Friday, December 18, 2020

Creative Problem Solving

 Hmmm...what do I have lying around the house that can be used to make a doll's stethoscope? This is a problem-solving adventure and work-in-progress, so check back!

Step 1: For the tubing, I sacrificed a bit of USB extension cord. I hope it wasn't important. For the ear tube, I used some of my armature material - 14 gauge aluminum electric fence wire. 

Step 2: Now to figure out how to attach the wire (tubing) to the ear tube. I used a #11 scalpel blade to split the wire casing on each side - a little over 1/2 inch in length.
[Stethoscope #2 - don't need to split the casing on two sides to remove the inner wires - one slit will do]
[Update, see Step 11 below]

Step 3: Then I used wire cutters to cut out the 4 thin colored wires.

Step 4: I made two more slits in the black casing (opposite the first cuts I made and near the base of these slits), so I could slide the ear tube wire through those smaller slits. These short cuts are about 1/8 inch long. I applied a liberal amount of The Ultimate glue on the inside of the split wire.

Step 5: Now to figure out the earpieces. The holes in these gold beads are too big for the diameter of the ear tube wire. Maybe some floral tape could be used to wrap around the tips of the wire? Nope - it slides right off the wire. Other thoughts: make ear pieces from air dry clay or Apoxie Sculpt.

Step 6: I decided to dip the ends of the ear tube wire into glue. I'd originally thought I could wrap the floral tape over the dried glue so it'd stick, but on second thought I decided to dip the wire ends again (and again) after the previous glue layer dried (like dipping a candle). The dried glue blobs might do for ear pieces.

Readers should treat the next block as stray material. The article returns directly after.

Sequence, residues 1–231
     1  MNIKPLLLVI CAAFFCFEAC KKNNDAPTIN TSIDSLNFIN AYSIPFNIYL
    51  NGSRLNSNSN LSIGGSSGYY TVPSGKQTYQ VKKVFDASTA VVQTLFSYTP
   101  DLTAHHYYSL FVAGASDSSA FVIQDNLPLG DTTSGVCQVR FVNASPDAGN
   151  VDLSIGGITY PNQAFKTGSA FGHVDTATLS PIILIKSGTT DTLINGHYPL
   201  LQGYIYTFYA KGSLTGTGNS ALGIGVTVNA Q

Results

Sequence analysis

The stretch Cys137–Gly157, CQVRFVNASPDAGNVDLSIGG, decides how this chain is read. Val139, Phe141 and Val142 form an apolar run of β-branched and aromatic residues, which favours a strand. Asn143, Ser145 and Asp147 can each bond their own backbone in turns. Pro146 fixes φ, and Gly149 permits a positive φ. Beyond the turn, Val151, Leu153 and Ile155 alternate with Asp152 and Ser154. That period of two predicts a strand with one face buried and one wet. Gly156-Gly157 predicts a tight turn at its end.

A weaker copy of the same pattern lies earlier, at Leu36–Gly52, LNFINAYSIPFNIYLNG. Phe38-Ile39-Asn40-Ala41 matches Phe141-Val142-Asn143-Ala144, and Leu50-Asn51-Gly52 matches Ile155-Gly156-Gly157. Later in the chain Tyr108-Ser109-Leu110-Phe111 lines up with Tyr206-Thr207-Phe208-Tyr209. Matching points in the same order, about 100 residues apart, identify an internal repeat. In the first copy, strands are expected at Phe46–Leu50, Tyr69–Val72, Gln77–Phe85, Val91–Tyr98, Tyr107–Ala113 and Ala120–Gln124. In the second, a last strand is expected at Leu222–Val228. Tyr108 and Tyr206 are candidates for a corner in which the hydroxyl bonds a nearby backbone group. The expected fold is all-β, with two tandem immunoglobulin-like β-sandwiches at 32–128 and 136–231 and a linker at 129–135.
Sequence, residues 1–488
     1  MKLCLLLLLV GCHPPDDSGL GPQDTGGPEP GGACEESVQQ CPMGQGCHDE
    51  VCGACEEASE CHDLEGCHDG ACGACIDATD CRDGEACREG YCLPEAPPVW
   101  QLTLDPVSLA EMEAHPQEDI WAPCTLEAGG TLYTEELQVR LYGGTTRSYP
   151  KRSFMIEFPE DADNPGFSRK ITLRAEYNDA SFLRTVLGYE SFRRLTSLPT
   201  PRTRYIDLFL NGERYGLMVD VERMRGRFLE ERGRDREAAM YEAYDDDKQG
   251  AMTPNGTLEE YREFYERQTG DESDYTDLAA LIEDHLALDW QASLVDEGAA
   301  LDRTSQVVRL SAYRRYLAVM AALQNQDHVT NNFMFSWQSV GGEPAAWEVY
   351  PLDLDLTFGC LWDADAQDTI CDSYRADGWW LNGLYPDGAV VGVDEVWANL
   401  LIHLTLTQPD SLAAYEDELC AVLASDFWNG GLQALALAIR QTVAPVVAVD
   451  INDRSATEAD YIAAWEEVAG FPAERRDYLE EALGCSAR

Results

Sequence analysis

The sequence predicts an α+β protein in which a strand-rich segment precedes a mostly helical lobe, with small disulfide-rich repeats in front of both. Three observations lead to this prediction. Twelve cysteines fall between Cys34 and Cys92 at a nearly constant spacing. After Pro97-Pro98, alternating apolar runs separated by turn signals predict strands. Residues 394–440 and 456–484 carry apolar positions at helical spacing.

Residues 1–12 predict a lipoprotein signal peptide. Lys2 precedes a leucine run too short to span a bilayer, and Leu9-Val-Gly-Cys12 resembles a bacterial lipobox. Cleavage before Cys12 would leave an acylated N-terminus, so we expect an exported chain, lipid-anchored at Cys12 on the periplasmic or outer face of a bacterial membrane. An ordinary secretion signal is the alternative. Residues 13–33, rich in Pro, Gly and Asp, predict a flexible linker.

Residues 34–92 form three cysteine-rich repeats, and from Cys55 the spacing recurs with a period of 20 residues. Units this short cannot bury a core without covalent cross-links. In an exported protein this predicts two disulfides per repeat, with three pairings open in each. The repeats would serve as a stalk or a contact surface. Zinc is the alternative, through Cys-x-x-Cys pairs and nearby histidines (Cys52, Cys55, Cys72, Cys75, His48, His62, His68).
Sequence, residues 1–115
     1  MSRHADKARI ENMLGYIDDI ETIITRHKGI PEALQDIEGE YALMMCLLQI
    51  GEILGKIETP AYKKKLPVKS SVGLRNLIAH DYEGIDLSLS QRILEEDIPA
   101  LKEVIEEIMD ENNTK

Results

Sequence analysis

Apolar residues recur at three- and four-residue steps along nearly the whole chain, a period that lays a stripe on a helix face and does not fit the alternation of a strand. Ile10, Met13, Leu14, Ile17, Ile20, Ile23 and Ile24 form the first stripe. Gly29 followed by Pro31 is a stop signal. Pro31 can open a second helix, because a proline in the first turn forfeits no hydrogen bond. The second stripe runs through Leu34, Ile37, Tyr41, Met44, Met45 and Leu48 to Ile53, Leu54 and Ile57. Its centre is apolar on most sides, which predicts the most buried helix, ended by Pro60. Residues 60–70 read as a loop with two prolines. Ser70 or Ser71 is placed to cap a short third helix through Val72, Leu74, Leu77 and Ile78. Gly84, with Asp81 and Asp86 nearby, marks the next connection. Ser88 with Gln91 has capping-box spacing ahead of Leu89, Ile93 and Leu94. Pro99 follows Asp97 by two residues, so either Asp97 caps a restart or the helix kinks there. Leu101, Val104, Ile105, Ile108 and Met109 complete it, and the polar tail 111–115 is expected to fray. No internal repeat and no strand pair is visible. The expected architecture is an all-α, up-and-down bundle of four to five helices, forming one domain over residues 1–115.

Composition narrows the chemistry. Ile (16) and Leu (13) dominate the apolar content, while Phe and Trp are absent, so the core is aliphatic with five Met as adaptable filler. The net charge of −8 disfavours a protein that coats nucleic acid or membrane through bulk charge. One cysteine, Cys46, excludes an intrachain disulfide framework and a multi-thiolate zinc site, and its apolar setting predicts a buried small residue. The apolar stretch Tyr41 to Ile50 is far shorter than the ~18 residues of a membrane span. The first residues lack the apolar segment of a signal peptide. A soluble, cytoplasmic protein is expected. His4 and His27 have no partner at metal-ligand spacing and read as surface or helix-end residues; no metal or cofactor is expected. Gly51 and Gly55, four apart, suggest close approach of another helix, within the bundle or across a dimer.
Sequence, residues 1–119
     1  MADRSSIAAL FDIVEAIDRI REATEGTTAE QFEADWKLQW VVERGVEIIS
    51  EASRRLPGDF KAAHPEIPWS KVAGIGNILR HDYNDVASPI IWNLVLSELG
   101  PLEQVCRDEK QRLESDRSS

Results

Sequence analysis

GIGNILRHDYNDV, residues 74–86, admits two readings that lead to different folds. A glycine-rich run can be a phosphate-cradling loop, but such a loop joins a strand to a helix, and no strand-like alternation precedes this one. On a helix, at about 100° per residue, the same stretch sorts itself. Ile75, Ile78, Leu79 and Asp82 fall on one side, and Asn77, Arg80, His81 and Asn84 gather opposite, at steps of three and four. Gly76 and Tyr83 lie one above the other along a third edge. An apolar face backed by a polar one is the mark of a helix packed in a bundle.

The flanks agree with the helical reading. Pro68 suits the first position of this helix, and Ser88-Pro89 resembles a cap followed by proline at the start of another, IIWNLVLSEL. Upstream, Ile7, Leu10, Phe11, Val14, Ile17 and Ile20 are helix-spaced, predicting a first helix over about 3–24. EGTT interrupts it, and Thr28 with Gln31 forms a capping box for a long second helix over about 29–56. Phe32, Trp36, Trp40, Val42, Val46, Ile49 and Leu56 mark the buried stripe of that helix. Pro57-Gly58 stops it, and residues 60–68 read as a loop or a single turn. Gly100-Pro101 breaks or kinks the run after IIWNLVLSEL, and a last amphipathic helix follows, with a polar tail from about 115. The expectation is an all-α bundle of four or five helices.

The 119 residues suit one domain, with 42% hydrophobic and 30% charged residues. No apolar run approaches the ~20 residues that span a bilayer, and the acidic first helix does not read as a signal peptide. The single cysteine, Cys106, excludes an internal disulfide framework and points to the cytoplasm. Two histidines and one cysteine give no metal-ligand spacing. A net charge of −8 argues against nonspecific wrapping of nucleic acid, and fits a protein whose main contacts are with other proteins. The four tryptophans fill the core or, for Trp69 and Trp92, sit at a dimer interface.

Step 7: Removing the inner wires from the black cord that will cover the ear tubes near the main tube. 

Step 8: Less than successful. The inner lumen is smaller than the wire. I'd hoped I could just slide the short black casings onto the ear tubes (if that would have worked, I would have needed to do it prior to adding the glue earpieces). I will end up wrapping these to secure them, or try a different solution. Apoxie Sculpt would work great here.

Step 9: Here it is, wrapped with floral tape. I like this tape because it's flexible. I'll paint this black. I've also started a second stethoscope (I've only got the wire ear tubes cut and bent to shape) and I may try Apoxie Sculpt on that one. One downside I foresee would be that the wire will become inflexible, and the clay may break.

Step 10: Painted the floral tape and the ear pieces with black acrylic paint.

Step 11: Taking a chance and removing the wires from the entire main tube - they came out easily after making a little slit at the end of the time to expose the inner wires.
[Update] Next time I'll do this to remove the wires before making the slits for the wire ear tube insertion. This should make the connection between the main tube and ear tube more secure.

Step 12: Clutch pin back or large snap for the bell? 

Removed/flattened the metal "wings" on the clutch pin back.

Step 13: Cut the main tube to length appropriate for the doll. Cut out a small section - about 3/8 inch long - so the tube will fit into the opening in the pin back. Make sure you cut the slit so the "bell" of the stethoscope is oriented in the way you want.

Step 14: Apply glue to the end of the tube, and insert it into the opening in the pin back. 

Step 15: All done!

Prototype 2

Using Apoxie Sculpt to secure the main tube to the ear tubes. If this works, it may be much better than the floral tape. My Apoxie Sculpt is really old, so hopefully it hardens.
Update: this is much superior to the floral tape wrap!

Here she is, with stethoscope #2:

Stethoscope #1

1 comment:

Shashi Nayagam said...

Thanks for all the tutorials Deanna